I never met Gerry Anderson, although he did once stand up for me. Back in 2001, I was a scriptwriter on an ill-fated Thunderbirds game for a computer console, which was framed as six all-new episodes, where the player would take over for the actual missions. I wrote three of them: The Devil and the Deep Blue Sea, The Land Shark and Forest of Peril, while my sometime collaborator Simon Jowett handled the rest. Although Anderson’s position on the production was unclear, he enjoyed some sort of veto over the assets, which probably explains why his ex-wife was the only original cast member not to return for the voices. But Anderson ran into tense difficulties with some of the game producers, who had rashly approved all the story outlines seemingly without really reading them, and allowed the programmers to spend a quarter of a million pounds on development, to the extent of even recording the audio, before they queried the nature of the story. Some bright spark opined that it was all a bit… rescuey, and would be improved a bit if the Tracy family could do something a bit more manly like… fighting off an attacking robot army.

Waving a sheaf of our scripts, Anderson stood by what we had done.

“It’s called International Rescue!” he growled. “Rescuing’s what they do.” The game was quietly cancelled.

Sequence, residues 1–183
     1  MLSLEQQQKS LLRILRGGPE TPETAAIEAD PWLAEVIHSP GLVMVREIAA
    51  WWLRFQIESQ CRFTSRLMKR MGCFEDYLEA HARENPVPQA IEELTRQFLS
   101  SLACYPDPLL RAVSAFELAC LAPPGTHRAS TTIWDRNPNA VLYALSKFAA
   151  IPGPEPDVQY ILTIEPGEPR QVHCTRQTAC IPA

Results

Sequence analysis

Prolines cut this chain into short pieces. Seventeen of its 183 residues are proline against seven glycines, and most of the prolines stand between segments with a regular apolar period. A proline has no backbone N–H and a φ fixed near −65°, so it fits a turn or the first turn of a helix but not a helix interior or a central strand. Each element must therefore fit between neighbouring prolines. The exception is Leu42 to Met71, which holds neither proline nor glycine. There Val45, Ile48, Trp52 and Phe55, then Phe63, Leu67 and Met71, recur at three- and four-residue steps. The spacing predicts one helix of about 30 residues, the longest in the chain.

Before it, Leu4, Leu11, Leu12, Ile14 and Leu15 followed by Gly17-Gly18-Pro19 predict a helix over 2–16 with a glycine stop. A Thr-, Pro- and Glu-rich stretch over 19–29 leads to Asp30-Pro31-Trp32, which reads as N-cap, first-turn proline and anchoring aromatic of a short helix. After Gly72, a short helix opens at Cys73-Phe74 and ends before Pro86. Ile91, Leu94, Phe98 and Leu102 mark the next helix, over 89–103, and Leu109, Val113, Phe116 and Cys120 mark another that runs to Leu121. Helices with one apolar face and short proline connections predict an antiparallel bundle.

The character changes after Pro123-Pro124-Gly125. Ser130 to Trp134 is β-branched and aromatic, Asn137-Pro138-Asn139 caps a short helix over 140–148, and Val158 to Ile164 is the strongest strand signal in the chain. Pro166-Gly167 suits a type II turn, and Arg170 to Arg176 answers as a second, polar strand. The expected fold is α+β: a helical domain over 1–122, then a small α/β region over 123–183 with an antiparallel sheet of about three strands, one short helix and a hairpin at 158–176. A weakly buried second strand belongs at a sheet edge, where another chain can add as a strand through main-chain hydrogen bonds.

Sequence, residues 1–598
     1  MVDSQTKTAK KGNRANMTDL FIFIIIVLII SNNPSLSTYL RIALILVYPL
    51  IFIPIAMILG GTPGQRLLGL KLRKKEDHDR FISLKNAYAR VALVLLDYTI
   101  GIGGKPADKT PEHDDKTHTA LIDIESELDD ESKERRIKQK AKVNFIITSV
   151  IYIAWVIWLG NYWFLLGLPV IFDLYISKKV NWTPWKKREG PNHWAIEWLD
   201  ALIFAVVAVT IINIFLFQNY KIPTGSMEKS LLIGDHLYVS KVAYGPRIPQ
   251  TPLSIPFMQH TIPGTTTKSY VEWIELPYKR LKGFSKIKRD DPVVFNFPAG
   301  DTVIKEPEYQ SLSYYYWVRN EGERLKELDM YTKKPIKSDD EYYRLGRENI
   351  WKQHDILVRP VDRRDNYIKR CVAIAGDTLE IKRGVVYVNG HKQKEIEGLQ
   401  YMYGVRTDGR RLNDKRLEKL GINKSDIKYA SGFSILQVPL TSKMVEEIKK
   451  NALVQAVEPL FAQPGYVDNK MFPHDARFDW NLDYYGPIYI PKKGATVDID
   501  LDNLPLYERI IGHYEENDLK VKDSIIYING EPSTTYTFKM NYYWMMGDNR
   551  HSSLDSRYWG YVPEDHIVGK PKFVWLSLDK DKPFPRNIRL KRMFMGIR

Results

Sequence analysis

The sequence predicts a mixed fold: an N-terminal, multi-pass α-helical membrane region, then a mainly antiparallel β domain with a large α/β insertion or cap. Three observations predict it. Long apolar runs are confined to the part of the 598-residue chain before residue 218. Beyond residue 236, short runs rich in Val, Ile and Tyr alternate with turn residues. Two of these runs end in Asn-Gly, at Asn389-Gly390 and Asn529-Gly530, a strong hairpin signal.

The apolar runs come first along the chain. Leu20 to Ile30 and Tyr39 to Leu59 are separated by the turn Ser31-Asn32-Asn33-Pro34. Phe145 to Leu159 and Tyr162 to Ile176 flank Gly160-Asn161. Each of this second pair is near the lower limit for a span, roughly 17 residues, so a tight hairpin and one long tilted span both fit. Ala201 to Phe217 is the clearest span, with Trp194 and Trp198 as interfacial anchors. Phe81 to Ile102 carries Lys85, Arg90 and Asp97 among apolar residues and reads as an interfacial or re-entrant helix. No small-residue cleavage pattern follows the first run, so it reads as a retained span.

Anderson’s last dealing with the Japanese was equally ill-fated. Late in life, he tried to get an actual anime series off the ground, with a pitch for a series called Firestorm. His name, however, was worth more to Japanese producers than his ideas, a fact which became clear when original work by British designers Steve Kyte and Steven Begg was edged out of Japanese documentation. By the time the marketing began for the series, it was called Gerry Anderson’s Firestorm but was plainly anything but. When it finally limped onto the airwaves, it was just plain Firestorm, and Anderson himself was so aghast at the final result that he refused to include it in his filmography.

I am writing this obituary tonight because the first on the list did not feel able. That  was one Helen McCarthy, who, before she became more famous for talking about Japanese cartoons, used to be a big name in Gerry Anderson circles, to the extent that her London apartment served for a time as the nerve centre of his fan community. This even brought her to the attention of the British police, when two stern officers rapped on her door one night, demanding to know if rumours were true that she was running a “Gerry Adams Fan Club” from her living room. She patiently explained the difference between the creator of Thunderbirds and the President of Sinn Fein, and they went on their way.

But in declining to write anything lengthy about Anderson, McCarthy did send the following message, on which we end: “Gerry Anderson’s influence on my life can hardly be overstated. I met my best girlfriend while watching a Gerry Anderson show at a convention. The love of my life turned up on her doorstep one day to help us work on Britain’s first Supermarionation event. I formed my ideas of heroism, courage, adventure and female independence from a heady cultural mix, but the works of Gerry and Sylvia Anderson were major components. Part of me will always yearn to be Lady Penelope. Part of me will always share the unquenchable hope Gerry gave to millions of kids that people can use technology for good and that the future can be brighter. Supermarionation is in my DNA. Can’t do any more now. Keyboard is soggy.”